If you are a die-hard fan of Reality TV you can put your money where your finger is and wager a bet on who will win your favourite show. If you’re lucky you might enjoy a small win.
But if you work in Reality Television and you have helped film shows, then your chance of winning increases significantly.
With a few notable exceptions, most Reality TV is not Live, often filmed months in advance. Even in the case of “dual endings” filmed crew know who finalists are. So is it fair that they can win money, and more to the point, are staff given any directives about whether they can or can’t bet on shows they have worked on?
TV Tonight put that question to 3 networks:
Seven Network which produces My Kitchen Rules and House Rules internally said, “We have confidentiality and workplace obligations in place in relation to the production of our television programmes.”
Nine Network said, “There is no formal policy about it.”
Network TEN declined to comment.
Often episodes are delivered relatively late to networks and, to keep their content under wraps sometimes only a handful of staff are given access. But production company crews can be far larger.
ITV Studios Australia who produce I’m A Celebrity Get Me Out of Here, The Voice, Hell’s Kitchen Australia & Cannonball, said, “ITV is aware that some of the reality and entertainment programs it produces are capable of being wagered on. For the majority of those programs, such as The Voice Australia, the voting outcome is revealed Live and can change throughout broadcast. The result is kept strictly confidential, is known by only a small number of key personnel and is subject to internal controls. This can include external audit, as is the case for The Voice Australia. For all of our programs, our staff are subject to policies concerning conflicts of interest and the misuse of confidential information. The identity of the winner or outcome from a series is confidential information. We remind all ITV personnel that such information cannot be disclosed (including publication on social media) and can only be used for the purpose of performing their duties (not for online betting, which would be a clear misuse of confidential company information).”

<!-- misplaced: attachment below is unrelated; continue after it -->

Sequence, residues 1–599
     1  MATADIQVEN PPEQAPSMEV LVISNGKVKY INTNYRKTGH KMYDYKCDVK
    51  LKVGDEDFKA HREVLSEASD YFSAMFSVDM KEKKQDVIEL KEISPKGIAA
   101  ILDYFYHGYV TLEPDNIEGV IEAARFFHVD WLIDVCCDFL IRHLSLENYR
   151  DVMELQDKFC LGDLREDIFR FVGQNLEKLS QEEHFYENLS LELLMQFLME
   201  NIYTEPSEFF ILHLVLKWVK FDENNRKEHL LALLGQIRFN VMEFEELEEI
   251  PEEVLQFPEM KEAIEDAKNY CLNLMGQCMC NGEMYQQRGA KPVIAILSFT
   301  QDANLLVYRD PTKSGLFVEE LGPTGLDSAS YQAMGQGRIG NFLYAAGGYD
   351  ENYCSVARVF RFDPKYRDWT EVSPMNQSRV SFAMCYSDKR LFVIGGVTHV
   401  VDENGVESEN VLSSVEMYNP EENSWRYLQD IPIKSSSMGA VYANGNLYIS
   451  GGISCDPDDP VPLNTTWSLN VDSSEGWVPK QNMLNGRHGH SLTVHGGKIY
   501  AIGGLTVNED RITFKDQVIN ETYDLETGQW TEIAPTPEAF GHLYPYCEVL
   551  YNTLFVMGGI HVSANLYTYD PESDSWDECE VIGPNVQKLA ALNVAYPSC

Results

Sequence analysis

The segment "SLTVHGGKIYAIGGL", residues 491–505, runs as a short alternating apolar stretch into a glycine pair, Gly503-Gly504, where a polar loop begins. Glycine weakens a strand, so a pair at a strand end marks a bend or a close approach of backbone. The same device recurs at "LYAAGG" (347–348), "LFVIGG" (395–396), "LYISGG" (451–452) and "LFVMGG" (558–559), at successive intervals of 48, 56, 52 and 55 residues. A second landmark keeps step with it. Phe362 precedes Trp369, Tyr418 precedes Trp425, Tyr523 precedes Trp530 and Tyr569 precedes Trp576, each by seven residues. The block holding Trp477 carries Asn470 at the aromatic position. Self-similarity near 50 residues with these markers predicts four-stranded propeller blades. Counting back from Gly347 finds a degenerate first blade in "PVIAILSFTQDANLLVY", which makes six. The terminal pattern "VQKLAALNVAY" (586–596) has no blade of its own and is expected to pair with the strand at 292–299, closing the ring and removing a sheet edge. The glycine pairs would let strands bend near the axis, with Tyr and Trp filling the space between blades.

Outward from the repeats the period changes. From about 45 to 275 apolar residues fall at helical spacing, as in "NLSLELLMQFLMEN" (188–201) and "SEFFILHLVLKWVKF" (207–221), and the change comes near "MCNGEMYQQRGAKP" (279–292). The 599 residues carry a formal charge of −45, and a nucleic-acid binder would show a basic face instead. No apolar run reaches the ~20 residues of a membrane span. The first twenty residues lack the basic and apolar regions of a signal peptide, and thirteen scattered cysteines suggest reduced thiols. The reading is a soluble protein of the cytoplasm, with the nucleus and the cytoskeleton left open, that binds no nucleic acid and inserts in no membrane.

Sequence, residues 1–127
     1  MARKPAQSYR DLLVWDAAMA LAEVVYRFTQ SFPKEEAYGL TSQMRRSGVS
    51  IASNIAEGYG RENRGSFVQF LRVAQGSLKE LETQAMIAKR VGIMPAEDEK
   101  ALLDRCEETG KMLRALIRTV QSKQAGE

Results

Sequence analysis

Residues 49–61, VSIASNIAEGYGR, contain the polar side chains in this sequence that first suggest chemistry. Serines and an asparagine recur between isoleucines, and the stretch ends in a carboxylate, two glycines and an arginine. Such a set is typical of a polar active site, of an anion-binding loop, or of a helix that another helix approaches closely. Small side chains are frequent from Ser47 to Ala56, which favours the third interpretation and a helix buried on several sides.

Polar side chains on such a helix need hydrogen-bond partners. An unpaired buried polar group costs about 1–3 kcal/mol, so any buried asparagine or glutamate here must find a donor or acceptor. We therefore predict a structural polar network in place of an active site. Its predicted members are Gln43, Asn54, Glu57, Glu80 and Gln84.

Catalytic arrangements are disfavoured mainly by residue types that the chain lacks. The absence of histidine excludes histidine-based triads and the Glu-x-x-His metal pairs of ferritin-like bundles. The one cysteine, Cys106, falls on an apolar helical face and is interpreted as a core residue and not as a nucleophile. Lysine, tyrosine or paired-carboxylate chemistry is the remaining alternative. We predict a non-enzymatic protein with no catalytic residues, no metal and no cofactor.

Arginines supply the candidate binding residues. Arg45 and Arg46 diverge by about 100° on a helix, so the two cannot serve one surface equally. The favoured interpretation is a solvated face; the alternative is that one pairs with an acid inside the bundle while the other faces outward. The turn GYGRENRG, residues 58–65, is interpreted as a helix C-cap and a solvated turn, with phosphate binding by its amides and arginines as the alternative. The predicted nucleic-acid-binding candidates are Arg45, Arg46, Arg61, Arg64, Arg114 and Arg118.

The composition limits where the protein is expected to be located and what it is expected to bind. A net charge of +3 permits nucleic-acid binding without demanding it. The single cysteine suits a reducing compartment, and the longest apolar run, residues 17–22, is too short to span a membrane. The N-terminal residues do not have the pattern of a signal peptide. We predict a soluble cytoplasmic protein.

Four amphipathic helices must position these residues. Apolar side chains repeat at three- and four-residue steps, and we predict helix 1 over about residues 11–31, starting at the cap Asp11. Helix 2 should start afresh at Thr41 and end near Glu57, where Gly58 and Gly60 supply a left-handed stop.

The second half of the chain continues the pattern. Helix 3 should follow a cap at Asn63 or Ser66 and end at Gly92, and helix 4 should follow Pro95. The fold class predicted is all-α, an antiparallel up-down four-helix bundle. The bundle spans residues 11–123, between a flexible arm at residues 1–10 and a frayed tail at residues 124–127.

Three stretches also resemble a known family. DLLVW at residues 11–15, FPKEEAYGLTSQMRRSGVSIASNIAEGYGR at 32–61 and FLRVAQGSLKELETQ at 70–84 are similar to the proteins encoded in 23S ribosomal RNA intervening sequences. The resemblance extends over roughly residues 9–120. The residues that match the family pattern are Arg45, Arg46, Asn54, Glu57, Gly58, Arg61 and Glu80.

Warner Bros Television (The Bachelor / The Bachelorette) declined to comment.
Endemol Shine Australia (Australian Survivor, MasterChef Australia, Australian Ninja Warrior, Married at First Sight, Australia’s Next Top Model, The Wall) declined to comment.
And what about betting companies? Are they leaving themselves open to abuse by insiders who may exploit the outcome?
A spokesperson from SportsBet, which has accepted bids on the Academy Awards, Eurovision, The Bachelor & Australian Survivor said it often receives requests for TV show betting.
“All our betting markets on pre-recorded shows come with a disclaimer that the show is pre-recorded and the result may or may not be known in advance.
“Novelty betting is for entertainment purposes and does not allow for large betting stakes associated with sports and racing events.
“Sportsbet is never aware of the result and has seen recently shows where our favourite who was the best backed be beaten (Masterchef, Hell’s Kitchen).”